She started practicing at a Mosman school and, in one of those serendipitous moments that pattern our lives, the school received a phone call looking for a teacher. Judy was put forward and began her teaching career in Australia at the Kuringai Yoga School, where she continued to teach for the next thirteen years. She also set up a small studio, running regular classes from her home.
“It wasn’t until I began teaching night-time classes that I realised what I was teaching was not suitable for a lot of people. I wanted people to finish class feeling better than when they walked in and knew that I had to re-think my teaching and return to basics.”
It was through journeying to the other side of the world that Judy’s exploration of yoga began to broaden; she began to attend classes in many different styles and philosophies of yoga.
“I practiced Ashtanga classes and for me it was a revelation in flow and breath. I was constantly updating my skills as a teacher and attended a workshop by Angela Farmer. It was here that I learnt to let go of having to be in a pose for a long time and found a sense of fun and fluidity in practice – a huge revelation.
“I attended a number of workshops and a teacher training run by Donna Farhi, which sparked an interest in the Body Mind Centering work of Bonnie Bainbridge-Cohen and the developmental patterns of movement, working from pre-birth into stages of universal movements. Donna’s philosophy and practice revealed to me the importance of working with the internal body and I began to move away from the muscular-skeletal to the more fluid systems of the body and the organs, working with a deep sense of the internal. The first thing in life is a sense of breath and if people are not breathing properly, there is a restriction in movement, which can lead to injury”.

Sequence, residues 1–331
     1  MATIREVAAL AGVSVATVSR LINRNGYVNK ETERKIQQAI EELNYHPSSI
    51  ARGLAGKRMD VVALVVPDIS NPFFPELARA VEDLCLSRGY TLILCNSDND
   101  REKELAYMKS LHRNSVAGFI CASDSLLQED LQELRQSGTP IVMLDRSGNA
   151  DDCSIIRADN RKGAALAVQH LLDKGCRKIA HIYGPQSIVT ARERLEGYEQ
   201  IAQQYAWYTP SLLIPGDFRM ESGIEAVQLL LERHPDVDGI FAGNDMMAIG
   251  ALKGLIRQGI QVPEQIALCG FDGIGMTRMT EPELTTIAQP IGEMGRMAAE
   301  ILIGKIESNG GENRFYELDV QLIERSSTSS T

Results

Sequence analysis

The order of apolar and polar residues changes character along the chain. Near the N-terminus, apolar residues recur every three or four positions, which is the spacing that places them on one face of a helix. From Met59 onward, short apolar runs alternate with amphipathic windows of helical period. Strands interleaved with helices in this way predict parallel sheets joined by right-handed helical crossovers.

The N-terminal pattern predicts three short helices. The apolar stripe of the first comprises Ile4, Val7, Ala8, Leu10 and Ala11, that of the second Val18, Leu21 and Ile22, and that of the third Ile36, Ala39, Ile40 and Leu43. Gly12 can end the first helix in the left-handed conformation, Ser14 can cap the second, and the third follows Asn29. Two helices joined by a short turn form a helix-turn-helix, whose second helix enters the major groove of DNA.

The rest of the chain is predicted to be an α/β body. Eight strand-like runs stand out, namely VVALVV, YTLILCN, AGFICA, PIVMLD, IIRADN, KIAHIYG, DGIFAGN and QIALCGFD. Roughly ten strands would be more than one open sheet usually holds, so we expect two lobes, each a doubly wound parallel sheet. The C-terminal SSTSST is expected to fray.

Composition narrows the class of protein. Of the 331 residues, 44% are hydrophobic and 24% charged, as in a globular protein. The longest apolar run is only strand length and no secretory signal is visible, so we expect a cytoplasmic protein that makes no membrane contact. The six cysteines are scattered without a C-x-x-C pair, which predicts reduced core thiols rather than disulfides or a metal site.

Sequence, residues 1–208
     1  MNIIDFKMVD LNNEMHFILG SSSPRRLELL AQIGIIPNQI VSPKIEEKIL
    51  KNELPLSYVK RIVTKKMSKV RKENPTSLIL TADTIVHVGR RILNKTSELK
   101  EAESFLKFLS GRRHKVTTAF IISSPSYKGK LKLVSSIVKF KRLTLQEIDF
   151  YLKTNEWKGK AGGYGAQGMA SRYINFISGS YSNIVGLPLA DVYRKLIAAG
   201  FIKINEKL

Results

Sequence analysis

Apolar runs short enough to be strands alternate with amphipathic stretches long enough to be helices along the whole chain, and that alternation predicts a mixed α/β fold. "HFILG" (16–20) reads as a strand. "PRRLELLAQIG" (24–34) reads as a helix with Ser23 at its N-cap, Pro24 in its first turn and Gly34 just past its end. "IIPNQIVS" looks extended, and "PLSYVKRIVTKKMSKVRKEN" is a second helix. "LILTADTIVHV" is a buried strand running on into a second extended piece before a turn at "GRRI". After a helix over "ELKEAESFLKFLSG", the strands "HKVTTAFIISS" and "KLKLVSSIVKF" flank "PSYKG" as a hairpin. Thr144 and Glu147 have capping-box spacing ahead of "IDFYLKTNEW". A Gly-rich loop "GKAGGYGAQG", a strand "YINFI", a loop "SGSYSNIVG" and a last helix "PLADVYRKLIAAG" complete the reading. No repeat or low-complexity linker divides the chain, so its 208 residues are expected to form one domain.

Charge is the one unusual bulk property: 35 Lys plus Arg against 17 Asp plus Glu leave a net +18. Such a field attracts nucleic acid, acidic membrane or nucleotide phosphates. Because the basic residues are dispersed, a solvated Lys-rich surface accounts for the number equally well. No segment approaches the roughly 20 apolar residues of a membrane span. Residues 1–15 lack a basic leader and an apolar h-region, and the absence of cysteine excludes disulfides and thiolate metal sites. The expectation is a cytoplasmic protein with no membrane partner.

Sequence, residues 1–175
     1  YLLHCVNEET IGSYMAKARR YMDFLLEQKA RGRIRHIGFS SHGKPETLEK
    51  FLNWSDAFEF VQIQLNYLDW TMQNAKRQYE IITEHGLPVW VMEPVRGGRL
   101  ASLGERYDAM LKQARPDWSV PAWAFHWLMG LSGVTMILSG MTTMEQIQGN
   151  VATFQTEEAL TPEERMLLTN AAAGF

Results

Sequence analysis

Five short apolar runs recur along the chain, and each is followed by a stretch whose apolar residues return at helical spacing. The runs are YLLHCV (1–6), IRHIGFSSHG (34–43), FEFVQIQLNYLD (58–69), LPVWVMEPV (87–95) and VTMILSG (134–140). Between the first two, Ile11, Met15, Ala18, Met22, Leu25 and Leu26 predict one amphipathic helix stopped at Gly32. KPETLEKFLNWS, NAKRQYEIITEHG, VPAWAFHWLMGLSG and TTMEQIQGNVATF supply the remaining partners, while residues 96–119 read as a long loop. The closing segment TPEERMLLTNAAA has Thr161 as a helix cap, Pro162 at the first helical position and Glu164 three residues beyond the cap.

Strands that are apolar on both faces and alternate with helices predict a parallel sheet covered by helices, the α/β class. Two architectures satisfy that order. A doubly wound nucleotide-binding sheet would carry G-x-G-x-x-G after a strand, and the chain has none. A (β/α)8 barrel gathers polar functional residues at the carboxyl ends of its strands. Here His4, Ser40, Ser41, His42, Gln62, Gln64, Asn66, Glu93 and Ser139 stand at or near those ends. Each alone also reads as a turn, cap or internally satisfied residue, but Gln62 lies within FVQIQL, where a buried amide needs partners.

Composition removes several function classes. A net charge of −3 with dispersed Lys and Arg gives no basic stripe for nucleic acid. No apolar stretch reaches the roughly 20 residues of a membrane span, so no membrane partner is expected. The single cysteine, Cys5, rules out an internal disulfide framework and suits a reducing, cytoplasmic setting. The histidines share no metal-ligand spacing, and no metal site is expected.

In around 1995, one of Judy’s children developed chronic fatigue syndrome. The distress of watching her child suffer had Judy traveling from one end of Sydney to the other, searching for therapists. She visited a recommended therapist who practiced SLM (Steve Lockardt Myotherapy), a form of body work focusing on re-alignment, starting with the pelvis and legs.
“Watching the way the therapist worked on the table was like watching a yoga class. I was fascinated. I undertook a massage course in the SLM method and began supplementing my teaching with massage. Massage led to me working with a range of different imbalances of the body. It was like pieces of a puzzle coming together.